Janet facebook j fowler Each two things one moment addicted mind janet fouts dot com one thing addicted every Mind dot
"fouts" Discussed on The Addicted Mind Podcast

The Addicted Mind Podcast

07:28 min | 1 year ago

"fouts" Discussed on The Addicted Mind Podcast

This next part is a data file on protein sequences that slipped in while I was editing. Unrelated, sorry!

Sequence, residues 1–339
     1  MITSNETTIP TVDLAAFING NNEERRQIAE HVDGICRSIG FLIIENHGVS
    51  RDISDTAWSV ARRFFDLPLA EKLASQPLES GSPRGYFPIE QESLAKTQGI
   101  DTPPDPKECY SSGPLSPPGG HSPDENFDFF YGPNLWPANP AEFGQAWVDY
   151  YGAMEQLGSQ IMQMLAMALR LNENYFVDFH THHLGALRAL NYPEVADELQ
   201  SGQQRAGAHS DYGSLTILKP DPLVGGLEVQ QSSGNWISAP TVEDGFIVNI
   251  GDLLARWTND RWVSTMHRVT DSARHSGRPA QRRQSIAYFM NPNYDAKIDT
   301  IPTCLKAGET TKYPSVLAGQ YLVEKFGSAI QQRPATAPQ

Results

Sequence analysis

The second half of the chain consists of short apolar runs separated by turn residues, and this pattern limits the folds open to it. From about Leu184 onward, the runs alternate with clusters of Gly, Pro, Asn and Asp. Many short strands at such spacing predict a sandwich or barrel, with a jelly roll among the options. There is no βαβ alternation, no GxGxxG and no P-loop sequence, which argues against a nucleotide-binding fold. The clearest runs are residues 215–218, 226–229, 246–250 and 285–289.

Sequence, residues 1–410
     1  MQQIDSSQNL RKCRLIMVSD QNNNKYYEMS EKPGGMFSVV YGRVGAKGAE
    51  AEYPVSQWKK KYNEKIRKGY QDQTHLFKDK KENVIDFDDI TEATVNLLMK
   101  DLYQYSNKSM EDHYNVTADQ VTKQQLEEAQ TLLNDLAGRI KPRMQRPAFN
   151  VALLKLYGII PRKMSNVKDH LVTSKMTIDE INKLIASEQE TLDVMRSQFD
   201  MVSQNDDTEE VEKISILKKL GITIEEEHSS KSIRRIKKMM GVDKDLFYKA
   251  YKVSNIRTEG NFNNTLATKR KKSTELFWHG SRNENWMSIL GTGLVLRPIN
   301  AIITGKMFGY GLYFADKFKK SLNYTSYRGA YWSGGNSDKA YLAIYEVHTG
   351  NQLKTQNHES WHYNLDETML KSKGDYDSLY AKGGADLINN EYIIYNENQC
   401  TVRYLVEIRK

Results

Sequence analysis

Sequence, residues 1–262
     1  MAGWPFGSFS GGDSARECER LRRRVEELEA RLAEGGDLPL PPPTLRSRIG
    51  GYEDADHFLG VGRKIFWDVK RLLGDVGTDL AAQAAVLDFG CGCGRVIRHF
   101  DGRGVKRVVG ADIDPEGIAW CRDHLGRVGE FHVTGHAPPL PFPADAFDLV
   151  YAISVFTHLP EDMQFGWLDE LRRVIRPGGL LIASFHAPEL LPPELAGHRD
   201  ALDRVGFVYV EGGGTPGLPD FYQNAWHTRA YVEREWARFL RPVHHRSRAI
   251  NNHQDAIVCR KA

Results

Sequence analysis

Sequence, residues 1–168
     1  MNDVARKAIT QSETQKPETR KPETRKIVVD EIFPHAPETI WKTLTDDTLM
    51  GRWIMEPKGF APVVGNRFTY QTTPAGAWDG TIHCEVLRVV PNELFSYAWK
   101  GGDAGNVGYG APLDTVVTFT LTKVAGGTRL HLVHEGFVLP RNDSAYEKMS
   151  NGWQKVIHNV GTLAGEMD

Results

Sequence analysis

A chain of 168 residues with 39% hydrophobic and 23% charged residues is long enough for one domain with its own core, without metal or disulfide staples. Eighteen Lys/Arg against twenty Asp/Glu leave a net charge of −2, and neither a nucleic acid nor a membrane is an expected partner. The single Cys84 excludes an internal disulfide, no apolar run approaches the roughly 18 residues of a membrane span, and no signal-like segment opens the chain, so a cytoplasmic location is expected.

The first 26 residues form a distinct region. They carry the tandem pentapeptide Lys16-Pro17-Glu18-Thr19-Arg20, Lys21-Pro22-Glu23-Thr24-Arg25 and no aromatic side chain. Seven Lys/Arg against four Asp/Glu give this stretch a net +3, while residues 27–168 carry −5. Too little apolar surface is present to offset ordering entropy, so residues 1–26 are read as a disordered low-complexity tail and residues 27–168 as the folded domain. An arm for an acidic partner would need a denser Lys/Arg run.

"About you know a hike did meditate today. Okay stop at your hands there. You meditated but a bang. You're done you don't have to. That's why i talk. A lot about micro practices and my next book is going to be a microsd. Mindfulness because i really believe that we just need the microdosing. We just need the moments and pretty soon. We start living mindfully instead of practicing. Mindfulness a quick word from our sponsor. Green chef the first. Usda meal kit company if you want to eat healthy with less time stressing out about shopping for food that are seasonally sourced and at peak freshness and are healthy. Then go to green chef dot com. It be difficult to find the time to plan out every meal. Sometimes i just don't have the time to think about it planet and prep it. So green chefs makes it so much easier. They have a meal kit for every lifestyle kito paleo vegan vegetarian. Whatever your preference is you can know that. You're getting quality healthy meal kits without the stress. Green chef offsets one hundred percent of their direct carbon emissions and reduce food. Waste by twenty five percent. You can feel great knowing that you and your loved ones. Are eating healthy quality food supporting the environment and with so much less stress with their easy to follow recipes. Go to green chef dot com forward slash ninety addicted and use the code ninety addicted to get ninety dollars off including free shipping. That's green chef dot com forward slash nine zero addicted and use the code ninety addicted to get ninety dollars off including free shipping at green chef dot com. It's like you just noticed the little things in life as you as you're walking down the street or i don't know sitting sitting somewhere or eating dinner. Whatever it is. I found that as i practised more and more. Mindfulness that it it would just you your brain changes in the way you think about things that make sense. There's a show is kinda. Yeah there's a it's it's There's this like you said earlier. Getting caught in the obsession and and being kind of caught in this this small world of our of our obsessional mind and then as we practice being able to step out of that and actually even just see that small world. Yeah yeah and you know when we can look at things with different. Is you know especially in the self judgment than you might say. What would my teacher say about what i'm doing right now. Or what would my best friend say about what i'm doing right now. They would probably say you know what you're just learning is okay and if we could just say that to ourselves how powerful is that right and so it's it's simple but it's not easy. I don't know if that makes sense. It's it's it can be hard because when you're in a emotional suffering and you're in a lot of pain in your body's tissues you've gotta get out you've got to do something you've got to change something you gotta shift something. Go over there and You know do that. That drug or engage in that behavior to stop the pain. I think that moment of sitting with it can be really challenging. Even if it's just ten seconds absolutely absolutely but you can and if you can do it for ten seconds you can do it for twenty and just you know when you feel like crap you wanna run away from it and you wanna hide and you wanna watch net flicks and cat videos on facebook in order to numb yourself in. There's tons of maladaptive behaviors that we can get into if we want to. But sometimes you really just have to go. Wow this really hurts. I don't feel good right now and to allow yourself to not feel good and if you allow it the energy that you've noticed it it will pass but if you don't if you run away from it it's still going to be there when you get back so learning to just slowly do this over time. taking a micro doses allowing yourself a lot of freedom to go okay. I didn't meditate this morning. I'm going to look out the window and gazes trees for a moment and absorb that. And that's a meditation to doing the dishes as meditation at some point. You realize that everything around you is beautiful and you haven't seen it for a long time especially if you're in any kind of addiction situation stress situation a traumatic situation. This works really good with people who are dealing with t. s. in. I don't call at ptsd because it's not a disorder. It's perfectly normal but right you know it's when you're dealing with that you gotta be able to do it and surrender to what is in that moment and realism moments coming. And i think as you do this it builds on itself and you begin to see it more and more Exactly exactly it goes back to that tight ration- idea that once you start to see the beauty in the world you know you might be standing in a line and just look around instead of staring at your phone and go. Oh others a flower over there for those people are laughing. That looks nice right. And i think when we talk about it in this way if someone hasn't done mindfulness or experience. Mindfulness they can dismisses pretty easily and kind of go. It's a bunch of wu. But what's really exciting about this work is that there's also a lot of research that shows that there are actually changes in the brain as we practice this process and shifts in the brain And that's really. I'm fascinated by neuroscience a neuro plus city neuro plasticity basically that we can change the way our brains respond things by connecting our thoughts and our actions together and we can actually retrain our brain to be happier to have more joy simply by recognizing joy more often and if joy seems like too strong. A word that you can't handle which a lot of us do think about calm as an example of joy doesn't have to be fireworks and hallelujah is it can simply be. Oh.